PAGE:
The ABSDF only became aware that Pajau was heavily infiltrated with spies around July 1991. Some of the student leaders had been lead-poisoned. The spies were hoping to kill them slowly so that no one would suspect they had been poisoned.

“The first spy to be arrested was Soe Min Aung, an army man from Mandalay. He escaped and we caught him again at the Chinese border town of Rueli in August 1991,” Aung Naing said.

A sinister plot to assassinate Kachin leaders and student leaders was uncovered in the nick of time on August 6, 1991, two days before the “8888” (August 8, 1988 democracy uprising in Rangoon) celebrations. Explosives and guns were uncovered in the spies’ huts. On the same day Chinese security police arrested 10 Burmese spies, armed with rifles, pistols and explosives in Ying Jiang, across the border in China.

After the spy ring was exposed, 80 spies were rounded up from August to November, including three women and the former ABSDF chairman Tun Aung Gyaw. Nine of the 19 ABSDF central committee members turned out to be spies. Kachin intelligence agents must have played a role in exposing the nest of vipers. And the KIA paid a high price for welcoming the hordes of students into their headquarters in Pajau after the 1988 pro-democracy uprising in Rangoon. Soon after, Pajau was overrun and captured by Burmese government troops.

Insiders said that after the arrival of the students, every enemy artillery shell hit Pajau with pinpoint accuracy.

When I visited the Kachin HQ in 1992 it was an entirely new base, right on the border with half the camp in Chinese territory, to avoid further attacks from Rangoon forces. They still called it Pajau to give the illusion that they had not lost their capital. It was a big setback to the war-like Kachins, reputed to have the best-disciplined guerrilla army in Burma. It was a blow from which they never recovered and led to their giving up and signing a “peace treaty” with Rangoon soon after.

On the afternoon of February 12, 1992, 15 spies were beheaded in front of the assembled students.

“We cannot pardon them because their crimes were too serious and they have done us severe damage. There are specific international rules in war. We will set free POWs but not spies. This is an international practice,” argued Aung Naing.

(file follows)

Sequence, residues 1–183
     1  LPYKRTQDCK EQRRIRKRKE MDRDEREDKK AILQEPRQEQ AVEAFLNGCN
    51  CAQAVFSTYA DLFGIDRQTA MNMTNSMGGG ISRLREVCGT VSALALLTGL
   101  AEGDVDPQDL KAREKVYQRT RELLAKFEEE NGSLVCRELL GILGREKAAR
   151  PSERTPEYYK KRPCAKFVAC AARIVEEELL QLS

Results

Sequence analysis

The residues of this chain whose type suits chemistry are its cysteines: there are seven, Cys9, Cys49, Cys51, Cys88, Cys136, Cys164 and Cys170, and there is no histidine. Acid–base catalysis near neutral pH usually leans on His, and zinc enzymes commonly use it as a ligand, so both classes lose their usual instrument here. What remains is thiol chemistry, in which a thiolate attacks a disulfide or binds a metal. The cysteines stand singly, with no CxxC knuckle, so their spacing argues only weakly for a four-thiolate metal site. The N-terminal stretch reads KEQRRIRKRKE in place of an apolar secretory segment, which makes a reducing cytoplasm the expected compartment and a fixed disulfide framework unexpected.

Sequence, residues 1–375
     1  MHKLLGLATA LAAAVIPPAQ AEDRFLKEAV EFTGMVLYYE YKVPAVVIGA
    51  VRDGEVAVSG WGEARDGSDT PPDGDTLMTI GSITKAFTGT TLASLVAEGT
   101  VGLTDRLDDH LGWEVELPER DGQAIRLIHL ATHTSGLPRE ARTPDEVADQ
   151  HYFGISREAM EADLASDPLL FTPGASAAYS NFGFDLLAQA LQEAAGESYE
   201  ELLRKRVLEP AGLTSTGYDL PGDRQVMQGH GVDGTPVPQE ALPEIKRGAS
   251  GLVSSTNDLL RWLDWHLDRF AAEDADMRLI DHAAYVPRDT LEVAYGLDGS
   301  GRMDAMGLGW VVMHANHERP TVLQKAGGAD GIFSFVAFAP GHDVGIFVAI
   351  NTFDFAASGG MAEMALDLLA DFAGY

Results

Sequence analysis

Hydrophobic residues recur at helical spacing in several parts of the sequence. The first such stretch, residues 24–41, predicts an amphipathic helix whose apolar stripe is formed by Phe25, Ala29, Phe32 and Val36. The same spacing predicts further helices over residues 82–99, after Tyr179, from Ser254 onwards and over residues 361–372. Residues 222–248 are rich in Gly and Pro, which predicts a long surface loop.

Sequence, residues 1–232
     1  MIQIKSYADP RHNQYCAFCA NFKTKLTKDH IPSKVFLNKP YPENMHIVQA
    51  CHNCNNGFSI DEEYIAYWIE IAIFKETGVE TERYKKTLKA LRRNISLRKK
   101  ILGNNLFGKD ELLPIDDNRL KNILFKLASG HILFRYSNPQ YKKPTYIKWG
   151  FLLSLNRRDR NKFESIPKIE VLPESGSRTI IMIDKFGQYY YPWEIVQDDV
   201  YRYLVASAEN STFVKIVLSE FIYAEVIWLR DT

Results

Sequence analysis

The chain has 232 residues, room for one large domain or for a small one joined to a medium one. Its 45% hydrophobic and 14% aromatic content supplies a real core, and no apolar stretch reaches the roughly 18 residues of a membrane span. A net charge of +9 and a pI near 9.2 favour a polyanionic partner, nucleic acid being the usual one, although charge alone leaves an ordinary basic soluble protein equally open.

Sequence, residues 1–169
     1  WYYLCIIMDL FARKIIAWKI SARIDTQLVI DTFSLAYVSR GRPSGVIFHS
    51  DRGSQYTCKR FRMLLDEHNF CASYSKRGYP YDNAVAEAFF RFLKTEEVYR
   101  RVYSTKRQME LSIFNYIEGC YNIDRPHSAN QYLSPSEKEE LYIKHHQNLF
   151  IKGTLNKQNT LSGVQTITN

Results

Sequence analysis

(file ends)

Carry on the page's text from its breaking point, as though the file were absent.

“Their aim is to finish off the Kachins and ABSDF before 1993,” Aung Naing said.

Today, Rangoon has finished off not only the Kachins and ABSDF in the north, but the rest of the insurgent armies fighting for independence from Burmese brutality and oppressive rule. Notably spectacular were the capture of the Mannerplaw Karen HQ and the capitulation of Khun Sa’s Shan armies at the Thai border, two of the biggest insurgent armies in Burma.

For the first time in half a century Rangoon could control the whole country, thanks to its generous use of spies, made possible when thousands of students fled Rangoon to insurgent areas after the 8888 pro democracy massacre.
Two and a half millennia later the words of Sun Tze still ring true: “Only with good intelligence and the generous and clever employment of spies will success be assured.” Rangoon has certainly proved it so.

Related stories: How I got into Kachin Land   https://kimgooi.wordpress.com/2010/10/13/burmese-spies-and-into-kachin-land/#comment-150

Aung San Suu Kyi’s release from 1st house arrest   https://kimgooi.wordpress.com/2010/09/13/rebel-with-a-cause/

Author’s note: 
News of the beheading by Burmese students was despatched by Deutsch Presse Agentur (dpa) as an exclusive right after the event in 1992 and a feature version appeared as cover story in ‘Dateline Bangkok’. Ten  years after in 2002, the Nation Review published ‘Worth their weight in War’.